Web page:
1. Kathy Lavery says:

    I was raised with oyster dressing at Thanksgiving. I missed having it this year…
    Your recipe looks fantastic! I will try it for Christmas 🙂

  2. Felecia R. says:

    Thanks for sharing this fab dish … I love Louisiana oysters.

  3. Denise says:

    I wish to sign up for your newsletter but can not seem to find a place in which to do it from?????

    • Genet says:

      Hey Denise! I’m having major issues with my newsletter, so I’m exploring other options to keep everyone updated. Right now, the best way to know when I’ve posted something new is to “like” Raised on a Roux on Facebook. You can also add the site to your RSS feed. Sorry about that!

  4. Jimmy Martin says:

    Genet, thanks for the recipe. I have been craving oyster dressing the past few years. Hope everything is going well for you and your family.

    • Genet says:

      Hey Jimmy! So good hearing from you. That particular recipe traces back to Grandma Kirn and Franklin Avenue! We can’t celebrate the holidays without it. I hope you enjoy it as much as we do. Hugs to all!

      • Jimmy Martin says:

        Genet, I did a trial run this weekend. It came out great. My son and I ate the whole thing by Monday. I will need to double the recipe for Thanksgiving. Thanks again.

        • Genet says:

          Yay! That’s what I love to hear. How old is your son now? Mine is 12 and he loves oysters every which way (as do my girls). Thanks for letting me know, Jimmy. I hope you all have a very, very Happy Thanksgiving!!

  5. Barry Begault says:

    My family oyster stuffing has been around over 70 years. Very New Orleanian !

    The Begault’s “New Orleans Oyster Dressing”
    • 1 stick of butter (real butter! Unsalted is fine but not necessary)
    • 1 large onion medium chopped
    • 4 large celery stalks medium chopped
    • 1 large bell pepper medium chopped
    • 1 whole garlic finely chopped
    • 1 bunch green onions medium chopped
    • 1 bunch of parsley medium chopped
    • 1 stale loaf of French bread (or 1- 1/2 bag of seasoned bread cubes)
    • 40 oz. chopped oysters plus liquid (40 oz of oysters 2 -16oz and 1- 8 oz containers)
    • 2 lbs. very lean ground beef
    • 2 large bay leaves
    • 1 teaspoon basil
    • 1 teaspoon thyme
    • 1 teaspoon salt
    • 1 teaspoon pepper
    • 1 teaspoon or more Cajun Seasoning (if desired)

    In a large cast iron Dutch oven or a large, heavy, pot melt the butter and over medium heat sweat the onion, celery, bell pepper, garlic, parsley and green pepper until the veggies are soft and the veggies are almost dry with a little salt and pepper. Simultaneously, brown the ground meat in a separate frying pan, adding a little salt and pepper until browned thoroughly. Drain and dispose of the fat.
    Drain the oysters and reserve the liquid for later. While the veggies are cooking, feel each oyster for shell pieces. This is very important. I missed this step the first time I made this recipe and had crunchy dressing; not very good eats. Medium chop the oysters.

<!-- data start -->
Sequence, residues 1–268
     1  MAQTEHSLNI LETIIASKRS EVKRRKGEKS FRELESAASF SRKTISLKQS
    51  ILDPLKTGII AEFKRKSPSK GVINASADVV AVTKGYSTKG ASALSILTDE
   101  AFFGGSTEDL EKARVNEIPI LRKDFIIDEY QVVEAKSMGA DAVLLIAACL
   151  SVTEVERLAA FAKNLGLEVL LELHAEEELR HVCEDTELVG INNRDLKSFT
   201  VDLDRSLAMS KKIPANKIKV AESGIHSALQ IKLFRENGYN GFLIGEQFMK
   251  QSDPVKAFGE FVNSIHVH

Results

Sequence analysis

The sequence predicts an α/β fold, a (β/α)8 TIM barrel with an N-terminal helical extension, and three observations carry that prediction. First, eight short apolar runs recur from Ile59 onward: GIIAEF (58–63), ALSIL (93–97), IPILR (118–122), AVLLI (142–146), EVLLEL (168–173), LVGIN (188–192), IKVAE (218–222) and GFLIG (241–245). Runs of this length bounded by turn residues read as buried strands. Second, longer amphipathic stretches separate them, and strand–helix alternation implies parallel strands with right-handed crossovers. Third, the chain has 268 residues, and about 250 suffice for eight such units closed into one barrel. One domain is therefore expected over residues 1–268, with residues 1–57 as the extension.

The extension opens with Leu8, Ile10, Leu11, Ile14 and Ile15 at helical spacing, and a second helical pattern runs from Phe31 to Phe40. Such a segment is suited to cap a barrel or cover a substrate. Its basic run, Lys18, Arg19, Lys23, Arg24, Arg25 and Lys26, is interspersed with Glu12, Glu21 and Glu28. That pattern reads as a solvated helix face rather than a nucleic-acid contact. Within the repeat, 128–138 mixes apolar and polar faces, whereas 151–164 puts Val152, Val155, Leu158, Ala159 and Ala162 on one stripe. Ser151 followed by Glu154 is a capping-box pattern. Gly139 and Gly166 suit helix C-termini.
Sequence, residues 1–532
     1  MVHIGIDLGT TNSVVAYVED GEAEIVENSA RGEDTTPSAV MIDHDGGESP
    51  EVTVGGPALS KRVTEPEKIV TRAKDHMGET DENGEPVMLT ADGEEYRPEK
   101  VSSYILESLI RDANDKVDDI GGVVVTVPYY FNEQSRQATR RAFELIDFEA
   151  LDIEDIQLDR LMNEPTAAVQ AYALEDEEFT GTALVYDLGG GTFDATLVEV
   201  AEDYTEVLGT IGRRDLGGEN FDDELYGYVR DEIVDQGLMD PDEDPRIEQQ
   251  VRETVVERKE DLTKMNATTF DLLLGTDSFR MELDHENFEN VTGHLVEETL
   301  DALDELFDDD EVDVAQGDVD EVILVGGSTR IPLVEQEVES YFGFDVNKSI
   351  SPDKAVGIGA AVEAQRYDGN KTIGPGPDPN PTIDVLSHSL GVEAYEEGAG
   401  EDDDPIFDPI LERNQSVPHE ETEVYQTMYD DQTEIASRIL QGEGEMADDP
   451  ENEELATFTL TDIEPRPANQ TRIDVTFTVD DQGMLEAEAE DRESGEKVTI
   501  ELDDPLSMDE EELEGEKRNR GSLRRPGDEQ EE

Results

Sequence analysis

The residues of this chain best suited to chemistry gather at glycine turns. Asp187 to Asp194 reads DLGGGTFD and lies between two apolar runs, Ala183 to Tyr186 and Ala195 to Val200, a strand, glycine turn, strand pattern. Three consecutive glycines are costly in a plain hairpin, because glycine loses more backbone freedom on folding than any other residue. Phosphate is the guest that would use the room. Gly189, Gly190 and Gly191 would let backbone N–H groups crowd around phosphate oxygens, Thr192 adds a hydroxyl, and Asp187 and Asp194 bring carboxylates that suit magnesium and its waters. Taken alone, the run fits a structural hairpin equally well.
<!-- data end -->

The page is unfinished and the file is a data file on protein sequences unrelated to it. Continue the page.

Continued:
Once the veggies are ready add in the ground meat, and the chopped oysters, and cook over medium heat stirring constantly to blend ingredients. Add seasoning.
    Break up the stale French bread and soak the bread or cubes in the oyster liquid. Squeeze out each bunch of bread or cubes until almost dry and breakup into small pieces and slowly add to the meat, oysters and veggies, until incorporated on medium heat. I usually add a broken-up fist full at a time and stir until integrated. Continue this until all the bread is completely integrated into the mixture and cook until the mixture is very sticky and pulls away from the sides of the pot almost like a ball of dough. This can take some time but the aroma is outstanding. Taste for seasoning. I don’t season too heavily, because I like the natural flavors to come through. More seasoning may be needed especially thyme and basil for that holiday flavor.
    Once cooked, place in a casserole dish and cook covered on Thanksgiving Day at 375 degrees for about an hour until the mix hot and bubbly. I also stuff my bird with this and cook the remaining in a casserole dish.
    I usually make this the weekend before Thanksgiving and freeze it until a couple of days before Thanksgiving/ Christmas and then place it in the fridge to thaw Thanksgiving/Christmas Eve. Makes great next week leftover dressing sandwiches on toast with lots of mayo and a couple slices of turkey breast.

    • admin says:

      Hi Barry! Thanks for sharing this amazing recipe. I’m looking forward to trying it. And I apologize for the delayed response. The past few months have been extremely busy and I ran into some computer issues along the way. I hope all is well with you and yours. Merry Christmas!

Leave a Reply

Your email address will not be published. Required fields are marked *